A teacher’s gunshot wound kit saved a freshman girl during the Saugus school shooting
As our kids continue to be terrified at the prospect of a shooting happening at their school, teachers are also afraid — and doing all they can to prepare. The account of a young choir teacher from Saugus High School, the location of our nation’s most recent school shooting, is both harrowing and horrifying.
We can and should do better, America. Our kids and their teachers deserve so much better.
The New York Times tells the story of Kaitlin Holt, a 26-year-old choir teacher at Saugus High, where yesterday’s school shooting took place. Two children died of their injuries, a 16-year-old girl and 14-year-old boy, with three other people suffering wounds after a fellow student opened fire. It was a little after 7:30 AM when the massacre began, and Holt’s own students didn’t hear the shots, as they were listening to a recording of their own singing that drowned out the sound. It was only when other students rushed into the classroom screaming that the teacher and her class became aware of what was happening in the quad, where the attacker began shooting.
Holt, who began teaching only this past January, wheeled her classroom’s grand piano to the door to block it and then guided dozens of students into an office with a locked door. They all sat quietly on the floor, knowing from prior lockdown drills to muffle their crying and to keep their phones on silent. The office lights were off and one student called police. Another located the fire extinguisher — just in case the shooter made his way to where they were hiding.
But they weren’t simply waiting it out — one of the students who ran for shelter in Holt’s classroom had been shot in her torso and abdomen. Luckily, the young teacher had a gunshot wound kit in her classroom that she used to wrap the teen’s wounds. She tells NBC News that she used her phone flashlight to check her injuries. “She was shot in her side, and then she told me she thought she had been shot, as well, in her arm,” Holt said. “I looked, and she had been shot in her shoulder, as well — but I only had one gunshot wound kit.”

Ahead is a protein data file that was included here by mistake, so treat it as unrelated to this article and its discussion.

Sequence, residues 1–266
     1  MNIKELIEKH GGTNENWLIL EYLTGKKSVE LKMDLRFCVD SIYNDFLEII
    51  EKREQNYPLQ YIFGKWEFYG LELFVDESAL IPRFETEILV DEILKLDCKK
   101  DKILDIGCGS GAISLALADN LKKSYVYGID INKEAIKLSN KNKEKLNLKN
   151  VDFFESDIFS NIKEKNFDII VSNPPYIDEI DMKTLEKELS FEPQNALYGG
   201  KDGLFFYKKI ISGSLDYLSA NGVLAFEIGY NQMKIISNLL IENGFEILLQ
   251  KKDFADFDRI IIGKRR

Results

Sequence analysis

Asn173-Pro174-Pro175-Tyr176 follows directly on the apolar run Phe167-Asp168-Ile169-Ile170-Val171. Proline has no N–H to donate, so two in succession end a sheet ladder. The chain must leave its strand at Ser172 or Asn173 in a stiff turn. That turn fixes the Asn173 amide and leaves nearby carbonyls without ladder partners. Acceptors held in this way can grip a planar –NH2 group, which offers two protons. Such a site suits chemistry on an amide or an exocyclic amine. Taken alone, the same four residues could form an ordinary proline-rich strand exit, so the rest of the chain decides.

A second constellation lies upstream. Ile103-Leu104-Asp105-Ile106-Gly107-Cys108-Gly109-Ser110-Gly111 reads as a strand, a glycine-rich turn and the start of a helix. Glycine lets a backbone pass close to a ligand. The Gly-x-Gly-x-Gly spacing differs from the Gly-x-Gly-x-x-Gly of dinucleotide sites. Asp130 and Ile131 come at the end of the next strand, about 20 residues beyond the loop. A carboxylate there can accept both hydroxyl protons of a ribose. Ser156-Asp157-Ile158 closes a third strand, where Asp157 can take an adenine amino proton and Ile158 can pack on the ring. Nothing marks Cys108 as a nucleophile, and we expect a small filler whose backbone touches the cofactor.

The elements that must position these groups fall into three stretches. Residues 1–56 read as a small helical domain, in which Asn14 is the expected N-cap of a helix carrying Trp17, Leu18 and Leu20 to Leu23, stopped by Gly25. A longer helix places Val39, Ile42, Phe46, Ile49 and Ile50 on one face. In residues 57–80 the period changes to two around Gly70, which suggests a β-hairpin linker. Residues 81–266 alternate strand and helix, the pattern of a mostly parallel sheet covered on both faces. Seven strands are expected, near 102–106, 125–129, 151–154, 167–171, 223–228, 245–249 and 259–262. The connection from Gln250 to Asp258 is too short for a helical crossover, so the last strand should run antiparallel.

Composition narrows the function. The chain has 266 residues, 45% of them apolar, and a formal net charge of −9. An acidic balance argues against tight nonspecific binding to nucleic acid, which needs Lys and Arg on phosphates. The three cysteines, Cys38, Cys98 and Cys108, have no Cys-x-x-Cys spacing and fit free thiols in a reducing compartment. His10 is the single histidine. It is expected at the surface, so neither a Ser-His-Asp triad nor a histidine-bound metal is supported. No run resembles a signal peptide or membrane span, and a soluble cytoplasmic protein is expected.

With the help of what Holt describes as “a really brave freshman” named Tyler, they worked to stop the bleeding. Tyler held applied pressure to one wound while the teacher worked on the other. Throughout the horror of the situation, Holt says the young girl was “really strong.” “She was even joking with me. She said, ‘I’m going to be home-schooled after this.'”
“I really, truly did not believe that this was going to happen to me, which was really ignorant,” Holt tells the Times. “Every time this happens, in every interview, they always say that, and I still really thought it wasn’t going to happen.”
A lot of people were simply devastated at the fact that teachers even need to stock gunshot wound kits in their classrooms.
A teacher actually weighed in to let people know that not only do educators keep these kits in their classrooms — most pay for them out of their own pocket.
GSW kits aren’t issued, we teachers buy them out of pocket. $75-$100/kit. In my district, each hallway gets one bleeding control kit (tourniquets) per teaching team of 5 teachers. We were advised to keep tampons/Maxipads for GSW, too. #surrealnightmare #teacherproblems— Dad Is A Writer (@goldwordsonpage) November 15, 2019
People are simply in awe of the heroes that teachers are, but let’s be clear that this is a brand of bravery absolutely no teacher should need to possess.
Later last night, Holt was informed that the student she helped came out of surgery and would be ok. While she was relieved, the rookie teacher is still working through the ordeal she experienced only hours earlier. “I don’t think I should have had to process this. I don’t think my kids, especially, should have to process this.”
“Long term, I hope that something can be done, because I think that a really big change needs to happen,” she said. “I held a bleeding child today in my classroom, in my music classroom.”